Miss Nikki and the Tiger Girls Trailer

Juliet Lamont has done something special. The director for this documentary hearkens back to what made Burma VJ so compelling.

You have a repressive regime that is getting marginally better at not completely stifling and suffocating its people but it has many a rubicon to cross before it can get to where it needs to be. However, a girl band is a good place to start. When it comes to music, and the voice of revolution, nothing cuts through the staid and fetid rhetoric of a government who would like nothing more than your unconditional apathy like a catchy jingle. Whether these women are the kind of fuel that can help burn that fire or whether this is a flash in a pan that has the power of a single firecracker the trailer is good at being visually appealing, establishing why we’re here even watching this, and the potential for where things might go if everything falls into place.

It all doesn’t look to0 heady ,but the implications for what could happen within a nation if a voice of the people becomes louder than its leaders are just as powerful as if this was looking at the next generation of freedom fighters for a people who are long overdue for their freedom.

I Used To Be Darker Trailer

I have to give director Matthew Porterfield an air high five.

I, frankly, love this trailer. It’s so bold in in its minimalism, that it would eschew speaking or context or words or any narrative hints, is amazing. He could no doubt release another trailer and have it be nothing like this but that would be a mistake. You WANT to have people being left wondering what in the hell is happening, to hunt out information on your film. I found it, bt dubs, and here it is:

When Taryn, a Northern Irish runaway, finds herself in trouble in Ocean City, MD, she seeks refuge with her aunt and uncle in Baltimore. But Kim and Bill have problems of their own: they’re trying to handle the end of their marriage gracefully for the sake of their daughter Abby, just home from her first year of college.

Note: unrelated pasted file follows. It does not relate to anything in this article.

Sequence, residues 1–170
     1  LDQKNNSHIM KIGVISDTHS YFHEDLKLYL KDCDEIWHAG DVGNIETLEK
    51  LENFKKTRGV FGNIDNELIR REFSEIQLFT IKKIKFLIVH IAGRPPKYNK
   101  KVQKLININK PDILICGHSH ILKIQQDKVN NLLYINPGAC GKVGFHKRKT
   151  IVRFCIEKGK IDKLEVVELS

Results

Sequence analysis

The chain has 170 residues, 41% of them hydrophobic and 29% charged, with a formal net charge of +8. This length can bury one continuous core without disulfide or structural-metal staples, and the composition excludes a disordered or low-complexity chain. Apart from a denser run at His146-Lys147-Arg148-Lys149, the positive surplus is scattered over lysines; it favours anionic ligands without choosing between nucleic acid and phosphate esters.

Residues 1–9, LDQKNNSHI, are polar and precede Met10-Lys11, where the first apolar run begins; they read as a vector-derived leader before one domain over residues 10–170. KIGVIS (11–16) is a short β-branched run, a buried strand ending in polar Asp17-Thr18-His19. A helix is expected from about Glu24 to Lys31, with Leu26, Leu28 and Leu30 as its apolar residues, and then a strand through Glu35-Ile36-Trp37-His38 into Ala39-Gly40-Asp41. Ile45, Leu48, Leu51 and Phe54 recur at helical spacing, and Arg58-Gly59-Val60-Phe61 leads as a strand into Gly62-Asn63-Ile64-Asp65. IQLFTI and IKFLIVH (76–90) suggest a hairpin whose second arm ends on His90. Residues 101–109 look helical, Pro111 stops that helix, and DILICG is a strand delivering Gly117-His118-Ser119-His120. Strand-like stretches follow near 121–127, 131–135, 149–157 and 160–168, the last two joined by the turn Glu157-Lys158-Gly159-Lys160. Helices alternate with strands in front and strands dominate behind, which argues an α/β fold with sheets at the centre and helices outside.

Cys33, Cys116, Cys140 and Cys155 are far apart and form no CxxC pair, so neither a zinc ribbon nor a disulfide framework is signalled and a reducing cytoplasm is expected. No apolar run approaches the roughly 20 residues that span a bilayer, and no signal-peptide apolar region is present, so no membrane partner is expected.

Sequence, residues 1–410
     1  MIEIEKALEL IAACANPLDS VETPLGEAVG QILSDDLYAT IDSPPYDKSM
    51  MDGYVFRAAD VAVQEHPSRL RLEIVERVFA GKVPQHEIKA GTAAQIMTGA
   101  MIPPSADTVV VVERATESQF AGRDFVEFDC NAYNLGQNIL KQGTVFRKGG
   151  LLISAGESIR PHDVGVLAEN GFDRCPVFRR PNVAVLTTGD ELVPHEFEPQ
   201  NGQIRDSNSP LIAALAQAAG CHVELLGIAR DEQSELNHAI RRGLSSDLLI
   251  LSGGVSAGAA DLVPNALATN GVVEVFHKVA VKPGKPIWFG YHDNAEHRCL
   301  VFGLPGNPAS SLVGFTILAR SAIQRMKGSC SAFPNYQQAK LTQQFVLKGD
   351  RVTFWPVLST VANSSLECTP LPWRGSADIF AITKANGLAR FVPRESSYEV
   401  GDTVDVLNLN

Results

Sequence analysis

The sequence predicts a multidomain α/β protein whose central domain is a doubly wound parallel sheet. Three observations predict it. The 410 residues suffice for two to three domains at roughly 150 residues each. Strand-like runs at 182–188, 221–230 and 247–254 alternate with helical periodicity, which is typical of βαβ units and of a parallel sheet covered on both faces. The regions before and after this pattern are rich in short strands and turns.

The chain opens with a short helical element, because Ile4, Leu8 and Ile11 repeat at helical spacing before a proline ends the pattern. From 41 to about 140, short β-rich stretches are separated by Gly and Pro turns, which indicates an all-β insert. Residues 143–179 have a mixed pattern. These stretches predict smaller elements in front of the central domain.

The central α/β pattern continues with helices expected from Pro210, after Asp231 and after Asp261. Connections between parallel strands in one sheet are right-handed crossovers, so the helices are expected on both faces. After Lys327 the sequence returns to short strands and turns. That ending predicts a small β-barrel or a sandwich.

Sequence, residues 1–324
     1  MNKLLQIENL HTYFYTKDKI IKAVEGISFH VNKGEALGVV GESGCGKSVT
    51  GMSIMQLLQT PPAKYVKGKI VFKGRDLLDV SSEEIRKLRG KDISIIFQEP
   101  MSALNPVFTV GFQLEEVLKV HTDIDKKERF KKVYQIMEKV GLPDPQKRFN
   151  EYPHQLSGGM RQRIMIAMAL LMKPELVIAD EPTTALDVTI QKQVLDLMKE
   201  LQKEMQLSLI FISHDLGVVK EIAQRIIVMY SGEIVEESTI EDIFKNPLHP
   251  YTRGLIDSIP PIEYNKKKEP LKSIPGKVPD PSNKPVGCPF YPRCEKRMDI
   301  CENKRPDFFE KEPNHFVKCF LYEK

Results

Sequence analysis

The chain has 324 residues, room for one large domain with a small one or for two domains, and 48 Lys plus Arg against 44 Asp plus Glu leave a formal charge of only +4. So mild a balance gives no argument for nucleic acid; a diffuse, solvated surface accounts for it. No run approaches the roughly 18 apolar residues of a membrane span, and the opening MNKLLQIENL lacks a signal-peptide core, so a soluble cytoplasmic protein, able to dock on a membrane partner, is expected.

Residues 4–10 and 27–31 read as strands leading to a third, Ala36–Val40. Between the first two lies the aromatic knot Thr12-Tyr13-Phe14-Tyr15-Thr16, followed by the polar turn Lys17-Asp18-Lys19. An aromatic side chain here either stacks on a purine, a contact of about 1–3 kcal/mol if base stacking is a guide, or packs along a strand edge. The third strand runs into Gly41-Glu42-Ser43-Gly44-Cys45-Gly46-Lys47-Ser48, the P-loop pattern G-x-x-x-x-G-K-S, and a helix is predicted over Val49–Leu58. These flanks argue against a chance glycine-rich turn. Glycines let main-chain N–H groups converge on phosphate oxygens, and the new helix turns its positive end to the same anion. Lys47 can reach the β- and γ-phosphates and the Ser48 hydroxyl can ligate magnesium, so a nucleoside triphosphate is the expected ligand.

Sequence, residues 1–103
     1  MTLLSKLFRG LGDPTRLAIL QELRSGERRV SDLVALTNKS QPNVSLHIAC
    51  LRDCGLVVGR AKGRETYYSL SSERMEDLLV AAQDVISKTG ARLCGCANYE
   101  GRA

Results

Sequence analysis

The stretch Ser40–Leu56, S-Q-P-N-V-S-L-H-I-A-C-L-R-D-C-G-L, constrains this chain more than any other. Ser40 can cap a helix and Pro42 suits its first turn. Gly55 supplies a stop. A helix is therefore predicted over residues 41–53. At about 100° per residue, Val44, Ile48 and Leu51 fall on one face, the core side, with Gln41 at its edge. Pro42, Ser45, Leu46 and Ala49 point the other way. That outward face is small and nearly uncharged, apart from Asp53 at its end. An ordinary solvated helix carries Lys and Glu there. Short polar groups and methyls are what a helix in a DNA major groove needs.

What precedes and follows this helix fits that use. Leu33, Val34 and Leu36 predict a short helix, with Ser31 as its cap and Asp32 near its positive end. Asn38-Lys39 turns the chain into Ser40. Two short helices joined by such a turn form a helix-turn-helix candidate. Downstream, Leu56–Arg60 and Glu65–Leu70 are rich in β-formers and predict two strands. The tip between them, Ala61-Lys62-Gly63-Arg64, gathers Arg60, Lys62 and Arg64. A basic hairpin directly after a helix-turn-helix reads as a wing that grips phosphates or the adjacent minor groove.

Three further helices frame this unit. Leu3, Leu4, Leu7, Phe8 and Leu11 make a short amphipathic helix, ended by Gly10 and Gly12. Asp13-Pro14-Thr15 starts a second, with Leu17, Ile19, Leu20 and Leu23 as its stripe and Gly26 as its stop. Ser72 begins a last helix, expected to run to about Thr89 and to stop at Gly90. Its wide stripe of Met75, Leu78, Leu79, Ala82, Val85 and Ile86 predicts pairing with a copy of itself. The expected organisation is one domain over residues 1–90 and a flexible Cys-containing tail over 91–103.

So, when you look at a trailer like this that has only a soundtrack and is dripping with sadness and rage, capped off with such a violent act that you are agape with cluelessness you should be thankful there is one more piece of marketing out in the wild that bucks every rule about how these ought to be created. It’s a win for creativity and artistry.

Favor Trailer

Paul Osborne. I realize the name may not resonate with many but he released a fun documentary about film festivals some years ago.

He’s back with what looks like a high concept drama that feels like it’s awash in black humor. The humor seems to be put aside quickly in favor of a more thrilling look and feel. It’s completely bizarre to try and accept but it works here for me. The music is used exceptionally well and the twists and turns taken, amazingly, don’t reveal anything. It keeps it all close to the vest while keeping you guessing about where we’re going and when exactly the double-cross will happen.

Of course someone has to drop a dime, right? If it does or if there is going to be a little fratricide between these chums then it looks like it’s setting up this indie quite well.

Nota bene: If you have any suggestions of trailers to possibly be included in this column, even have a trailer of your own to pitch, please let me know by sending me a note at Christopher_Stipp@yahoo.com or look me up via Twitter at @Stipp

In case you missed them, here are the other trailers we covered at /Film this week: